Vital Memory and Affect takes as its subject the autobiographical memories of ‘vulnerable’ groups, including survivors of child sexual abuse, adopted children and their families, forensic mental health service users, and elderly persons in care home settings. In particular the focus is on a particular class of memory within this group: recollected episodes that are difficult and painful, sometimes contested, but always with enormous significance for a current and past sense of self. These ‘vital memories’, integral and irreversible, can come to appear as a defining feature of a person’s life.
In Vital Memory and Affect, authors Steve Brown and Paula Reavey explore the highly productive way in which individuals make sense of a difficult past, situated as they are within a highly specific cultural and social landscape. Via an exploration of their vital memories, the book combines insights from social and cognitive psychology to open up the possibility of a new approach to memory, one that pays full attention to the contextual conditions of all acts of remembering.
This path-breaking study brings together a unique set of empirical material and maps out an agenda for research into memory and affect that will be important reading for students and scholars of social psychology, memory studies, cultural studies, philosophy, and other related fields.
'I was invited to review a book that discussses implications ofr memory in the context of vulnerable populations… What I found was a compassionate and creative approach to the art of defining oneself through the powerul tools of self-narrative… As a memory researcher, this book led me to new and interesting territory… To me, the book seems best suited for practitioners who are looking for a new framework within which to think about how personal memories may undermine the vulnerable people they work with and how memory might be used therapeutically. The book is filled with transcriptions of simple social interactions and, in that way, it feels like a clinical workbook of sorts… If a new perspective emerges that provides a better structure for managing the vital memories that Brown and Reavey refer to, I am all for it. This book may well spark a concerted effort toward that goal… The basic message--that it is possible even for vulnerable people to take control and define themselves through self-narrative--is a powerful one.'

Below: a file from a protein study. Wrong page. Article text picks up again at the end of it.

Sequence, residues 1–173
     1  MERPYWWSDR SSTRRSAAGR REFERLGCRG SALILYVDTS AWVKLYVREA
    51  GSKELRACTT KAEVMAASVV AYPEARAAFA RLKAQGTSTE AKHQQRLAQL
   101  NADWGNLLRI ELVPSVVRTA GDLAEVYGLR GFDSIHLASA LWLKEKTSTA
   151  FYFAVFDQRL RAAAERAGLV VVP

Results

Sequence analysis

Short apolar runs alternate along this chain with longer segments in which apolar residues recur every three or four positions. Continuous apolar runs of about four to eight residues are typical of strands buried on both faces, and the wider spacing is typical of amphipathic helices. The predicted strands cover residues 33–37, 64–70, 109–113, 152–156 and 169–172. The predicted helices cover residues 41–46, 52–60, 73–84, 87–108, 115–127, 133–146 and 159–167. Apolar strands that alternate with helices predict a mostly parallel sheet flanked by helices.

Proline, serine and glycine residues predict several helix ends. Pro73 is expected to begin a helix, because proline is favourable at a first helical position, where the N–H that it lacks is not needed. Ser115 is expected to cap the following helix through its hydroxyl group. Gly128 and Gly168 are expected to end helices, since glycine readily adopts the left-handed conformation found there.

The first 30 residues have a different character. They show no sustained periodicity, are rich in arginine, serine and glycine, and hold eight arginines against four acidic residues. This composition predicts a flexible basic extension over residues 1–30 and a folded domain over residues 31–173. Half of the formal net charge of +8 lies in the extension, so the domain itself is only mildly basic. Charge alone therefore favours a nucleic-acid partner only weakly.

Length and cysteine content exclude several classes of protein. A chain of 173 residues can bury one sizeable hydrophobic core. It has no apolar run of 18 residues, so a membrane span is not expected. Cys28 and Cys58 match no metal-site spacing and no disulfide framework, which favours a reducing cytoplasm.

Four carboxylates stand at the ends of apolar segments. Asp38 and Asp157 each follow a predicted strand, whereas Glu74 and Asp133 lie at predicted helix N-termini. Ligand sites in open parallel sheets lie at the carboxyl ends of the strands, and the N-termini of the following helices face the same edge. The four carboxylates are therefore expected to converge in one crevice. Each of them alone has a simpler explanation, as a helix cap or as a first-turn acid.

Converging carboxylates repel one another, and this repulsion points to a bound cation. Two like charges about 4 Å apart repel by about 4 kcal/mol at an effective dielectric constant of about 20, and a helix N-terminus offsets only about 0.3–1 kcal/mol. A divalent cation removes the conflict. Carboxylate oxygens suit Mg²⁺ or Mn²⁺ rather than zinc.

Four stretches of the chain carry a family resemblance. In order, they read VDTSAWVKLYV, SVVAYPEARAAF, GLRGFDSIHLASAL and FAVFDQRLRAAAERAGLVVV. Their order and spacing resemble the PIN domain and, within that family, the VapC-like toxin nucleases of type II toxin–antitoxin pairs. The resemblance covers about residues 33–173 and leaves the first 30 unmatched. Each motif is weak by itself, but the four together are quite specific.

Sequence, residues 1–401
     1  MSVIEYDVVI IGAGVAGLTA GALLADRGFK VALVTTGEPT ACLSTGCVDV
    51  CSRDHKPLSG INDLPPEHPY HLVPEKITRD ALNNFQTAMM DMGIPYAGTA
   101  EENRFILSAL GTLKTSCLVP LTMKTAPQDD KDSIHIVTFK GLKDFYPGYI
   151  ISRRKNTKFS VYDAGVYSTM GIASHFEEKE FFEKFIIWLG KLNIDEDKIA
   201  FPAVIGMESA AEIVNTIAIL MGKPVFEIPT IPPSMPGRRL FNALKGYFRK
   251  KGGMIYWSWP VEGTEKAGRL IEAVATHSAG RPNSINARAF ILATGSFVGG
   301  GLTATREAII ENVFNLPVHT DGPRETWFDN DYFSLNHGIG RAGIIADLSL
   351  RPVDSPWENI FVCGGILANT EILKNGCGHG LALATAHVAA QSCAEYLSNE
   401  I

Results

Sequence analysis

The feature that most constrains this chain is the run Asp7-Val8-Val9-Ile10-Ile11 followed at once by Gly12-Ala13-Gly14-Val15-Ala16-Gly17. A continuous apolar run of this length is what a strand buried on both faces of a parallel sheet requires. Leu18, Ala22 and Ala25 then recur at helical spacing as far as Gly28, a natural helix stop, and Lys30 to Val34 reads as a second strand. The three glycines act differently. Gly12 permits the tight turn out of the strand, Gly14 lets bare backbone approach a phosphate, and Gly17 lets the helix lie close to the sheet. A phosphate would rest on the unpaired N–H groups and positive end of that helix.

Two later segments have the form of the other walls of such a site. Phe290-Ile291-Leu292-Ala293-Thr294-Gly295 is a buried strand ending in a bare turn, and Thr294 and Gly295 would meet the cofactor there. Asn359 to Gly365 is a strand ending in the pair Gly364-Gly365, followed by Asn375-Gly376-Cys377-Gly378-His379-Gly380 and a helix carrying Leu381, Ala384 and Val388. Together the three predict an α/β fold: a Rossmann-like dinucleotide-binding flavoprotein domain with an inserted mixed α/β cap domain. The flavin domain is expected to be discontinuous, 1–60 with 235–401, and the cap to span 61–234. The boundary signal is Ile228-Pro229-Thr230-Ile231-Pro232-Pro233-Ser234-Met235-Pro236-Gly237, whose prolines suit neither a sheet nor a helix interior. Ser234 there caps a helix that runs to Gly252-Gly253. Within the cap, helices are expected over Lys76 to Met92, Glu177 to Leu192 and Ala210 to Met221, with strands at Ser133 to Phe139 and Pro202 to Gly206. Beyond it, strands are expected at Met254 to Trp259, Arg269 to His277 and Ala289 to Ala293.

-Nancy Franklin, Department of Psychology, Stony Brook Univeristy, PsycCRITIQUES
‘Brown and Reavey show how personal and institutional practices of remembering interact in specific, highly-charged settings. In powerful, moving reports of empirical studies, they reveal the richness and diversity of ordinary people's subtle strategies for managing memories of difficult experiences. This compelling book will challenge and reward scientists, practitioners, and policy-makers interested in the mechanisms and techniques driving our complex ecologies of remembering.’
– John Sutton, Department of Cognitive Science, Macquarie University, Australia
'Brown and Reavey calmly yet devastatingly disassemble long standing key assumptions and models in the interdisciplinary study of memory. They render the complex accomplishments of remembering intelligible and familiar; a truly liberating work.'
– Andrew Hoskins, Editor-in-Chief, Memory Studies
"The supreme appeal of Brown and Reavey's conceptual and empirical work lies in how they afford ways for psychology to study memory beyond the life-space of the person, to ask how person and environment, body and ecology, life and cosmos, topologically fold and extend to shape and actualize possible worlds. And so the authors serve a compelling account why vital memories challenge received methodological and ontological certainties in psychology, and therefore matter for academic and clinical psychologists alike." – Matthew J. Allen, British Journal of Psychology
1. Preface 2. The seven virtues of vital memory 3. The expanded view of memory 4. Memory and life space: affect, forgetting and ethics 5. Feeling an ambivalent past: Survivors of child sexual abuse 6. Managing the memories of others: Adoptive parents and their children 7. Remembering with, through and for others: Surviving the 2005 London Bombings 8. Forgetting who you were: The forensic psychiatric unit 9. Recollection in later life: The reminiscence museum 10. Ordinary people living with a difficult past